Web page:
A successful Crim. P. 35 attack results in the conviction at issue being vacated. Thereafter, the validity of that conviction may not be relitigated in any subsequent proceeding, though in some circumstances the prosecution may refile the original charge, and defendant could face reconviction. See People v. Keenan, 185 Colo. 317, 524 P.2d 604 (1974).

In contrast, an attack on the use of the conviction is an attempt to avoid, defeat, or evade judgment or to deny its force and effect in some incidental proceeding. Brennan v. Grover, 158 Colo. 66, 404 P.2d 544 (1965), cert. denied, 383 U.S. 926, 86 S. Ct. 929, 15 L. Ed. 2d 845 (1966). A successful attack on use bars only the use of the prior conviction in that incidental proceeding; the conviction itself remains. Watkins v. People, 655 P.2d 834 (Colo. 1982). The successful attack on use does not prevent relitigation of the issue of the validity of the subject conviction in a subsequent proceeding, or even in a Crim. P. 35 attack of the same conviction. Wright v. People, 690 P.2d 1257 (Colo.1984).

However, although avenues for collateral attacks do differ, an attack on the conviction itself has long been considered a collateral attack, whether through Crim. P. 35 or its federal counterpart, 28 U.S.C. § 2255 (1988). See Bales v. People, 713 P.2d 1280 (Colo.1986) ("a defendant may collaterally attack a prior conviction by either filing a Crim. P. 35(c) motion in the sentencing court or by filing a proper motion to prohibit the prosecution from using evidence of a prior conviction in a pending criminal prosecution"); U.S. v. Hayman, 342 U.S. 205, 72 S. Ct. 263, 96 L. Ed. 232 (1952); U.S. v. Frady, 456 U.S. 152, 102 S. Ct. 1584, 71 L. Ed. 2d 816 (1982); U.S. v. Addonizio, 442 U.S. 178, 99 S. Ct. 2235, 60 L. Ed. 2d 805 (1979). See also People v. Fagerholm, supra, (Vollack, J., dissenting) ("[defendant] collaterally attacked both prior convictions under Crim. P. 35"). Also, writs of habeas corpus, of which Crim. P. 35 is a modern equivalent, were traditionally considered collateral proceedings. See U.S. v. Hayman, supra.

The General Assembly is presumed cognizant of judicial precedent in a particular area when it enacts legislation in that *836 area. Rauschenberger v. Radetsky, 745 P.2d 640 (Colo.1987). We therefore may assume that it was fully aware of the accepted uses of the term "collaterally attack" as used in the lexicon of criminal law.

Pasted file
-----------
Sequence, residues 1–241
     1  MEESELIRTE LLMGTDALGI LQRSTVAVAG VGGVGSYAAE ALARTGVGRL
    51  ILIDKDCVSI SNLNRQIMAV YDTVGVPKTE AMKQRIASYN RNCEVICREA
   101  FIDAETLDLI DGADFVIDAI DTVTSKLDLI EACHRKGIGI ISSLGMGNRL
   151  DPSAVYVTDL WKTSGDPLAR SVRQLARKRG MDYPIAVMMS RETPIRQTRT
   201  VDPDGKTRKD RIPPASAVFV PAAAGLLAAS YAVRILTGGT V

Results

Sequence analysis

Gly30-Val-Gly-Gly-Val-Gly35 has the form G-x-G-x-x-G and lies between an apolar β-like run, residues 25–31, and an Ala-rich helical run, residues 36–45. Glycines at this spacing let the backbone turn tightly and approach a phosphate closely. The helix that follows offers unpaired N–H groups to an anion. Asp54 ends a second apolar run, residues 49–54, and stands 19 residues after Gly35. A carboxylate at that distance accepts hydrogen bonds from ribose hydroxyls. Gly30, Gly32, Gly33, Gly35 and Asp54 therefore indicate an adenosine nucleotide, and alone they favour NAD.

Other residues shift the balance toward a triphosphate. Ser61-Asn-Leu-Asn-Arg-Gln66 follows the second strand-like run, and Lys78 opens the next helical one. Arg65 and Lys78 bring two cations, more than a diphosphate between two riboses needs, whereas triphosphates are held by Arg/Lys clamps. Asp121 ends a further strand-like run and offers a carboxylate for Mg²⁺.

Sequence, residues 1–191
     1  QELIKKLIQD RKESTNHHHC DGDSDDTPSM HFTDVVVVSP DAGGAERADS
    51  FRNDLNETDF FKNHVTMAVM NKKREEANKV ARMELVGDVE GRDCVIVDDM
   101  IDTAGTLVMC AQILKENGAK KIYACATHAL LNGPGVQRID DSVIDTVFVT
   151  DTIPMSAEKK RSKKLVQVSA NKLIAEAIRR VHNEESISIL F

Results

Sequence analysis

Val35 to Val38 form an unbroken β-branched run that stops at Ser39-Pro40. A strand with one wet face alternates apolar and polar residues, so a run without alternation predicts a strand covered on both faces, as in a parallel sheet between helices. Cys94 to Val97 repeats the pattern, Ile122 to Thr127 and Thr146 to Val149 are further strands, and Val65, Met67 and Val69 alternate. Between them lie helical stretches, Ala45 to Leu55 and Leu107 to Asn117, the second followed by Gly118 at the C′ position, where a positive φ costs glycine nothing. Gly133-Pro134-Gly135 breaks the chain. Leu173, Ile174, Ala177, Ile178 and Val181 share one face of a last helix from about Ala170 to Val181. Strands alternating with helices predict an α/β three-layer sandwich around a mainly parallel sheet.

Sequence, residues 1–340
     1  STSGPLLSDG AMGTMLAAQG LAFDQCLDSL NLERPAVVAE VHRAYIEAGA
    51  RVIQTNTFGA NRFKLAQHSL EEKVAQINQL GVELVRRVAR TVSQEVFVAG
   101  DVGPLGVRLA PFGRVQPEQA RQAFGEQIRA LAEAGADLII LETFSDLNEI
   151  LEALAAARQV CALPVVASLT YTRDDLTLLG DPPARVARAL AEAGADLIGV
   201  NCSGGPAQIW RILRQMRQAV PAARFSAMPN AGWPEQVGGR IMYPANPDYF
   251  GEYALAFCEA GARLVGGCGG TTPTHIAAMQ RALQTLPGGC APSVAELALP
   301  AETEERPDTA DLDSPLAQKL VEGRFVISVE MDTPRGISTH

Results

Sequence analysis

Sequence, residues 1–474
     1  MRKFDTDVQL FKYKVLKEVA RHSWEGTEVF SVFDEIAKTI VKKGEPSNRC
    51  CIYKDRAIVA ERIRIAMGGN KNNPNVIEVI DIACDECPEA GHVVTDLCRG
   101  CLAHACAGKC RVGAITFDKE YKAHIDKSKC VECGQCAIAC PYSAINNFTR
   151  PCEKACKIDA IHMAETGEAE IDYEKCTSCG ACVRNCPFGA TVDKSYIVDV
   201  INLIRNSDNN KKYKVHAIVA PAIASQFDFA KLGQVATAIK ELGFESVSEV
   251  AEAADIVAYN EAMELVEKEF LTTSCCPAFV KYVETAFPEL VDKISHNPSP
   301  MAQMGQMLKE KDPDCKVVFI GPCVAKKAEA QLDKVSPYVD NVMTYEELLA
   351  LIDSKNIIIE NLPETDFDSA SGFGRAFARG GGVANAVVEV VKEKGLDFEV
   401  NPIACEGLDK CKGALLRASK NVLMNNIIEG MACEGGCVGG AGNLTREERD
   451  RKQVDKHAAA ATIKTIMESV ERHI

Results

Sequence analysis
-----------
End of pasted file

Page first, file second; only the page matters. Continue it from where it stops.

Moreover, a common sense reading of the plain language of the statute dictates the conclusion that the General Assembly intended not a technical definition of "collateral," but its commonly accepted meaning within a criminal law context. "Statutes must be construed so as to effectuate their intent and beneficial purposes, not to defeat them." Colorado State Board of Medical Examiners v. Saddoris, 825 P.2d 39 (Colo.1992). The purpose of the statute is explicitto prevent defendants from thwarting the effect of repeat offender statutes and to end rampant relitigation of stale claims. The scope of the statute is sweeping ("no person shall collaterally attack the validity of a [prior conviction] unless...."), and reading the statute as defendant urges would limit it drastically. To the contrary, we must construe a statute to effectuate the legislative intent, Martinez v. Continental Enterprises, 730 P.2d 308 (Colo.1986), and the intent here is unmistakable. Cf. People v. Fagerholm, supra; Moland v. People, supra.


Defendant argues, however, that even if § 16-5-402 applies to Crim. P. 35 motions, Crim. P. 35(c)(3) provides that one who is aggrieved and claims a right to be released or to have a judgment set aside may file a motion for such relief at any time, and, citing People v. McKenna, 196 Colo. 367, 585 P.2d 275 (1978), he contends that such procedural rule takes precedence over a procedural statute. We disagree.

If a legislative act is based in public policy rather than as an attempt to regulate the day-to-day procedural operation of the court, it does not usurp the supreme court's rule making authority. People v. McKenna, supra.

Here, the statute's stated goals include preventing difficulties in litigating stale claims and also preventing frustration of statutes aimed at repeat, prior, and habitual offenders. Section 16-5-402 had such a severe impact upon the ability of prior offenders to attack a conviction that an inclusion of a grace period after its effective date was necessary to render it constitutional. People v. Fagerholm, supra. Thus, while it also had an incidental effect upon procedure, the statute is primarily an expression of public policy. See ABA, Standards for Criminal Justice, Standard 22-2.4 (2d ed. 1982). See also Chase Securities Corp. v. Donaldson, 325 U.S. 304, 65 S. Ct. 1137, 89 L. Ed. 1628 (1945) (statutes of limitation "represent a public policy about the privilege to litigate"). Accordingly, here, the statute controls over the rule. See People v. Hollis, 670 P.2d 441 (Colo. App.1983).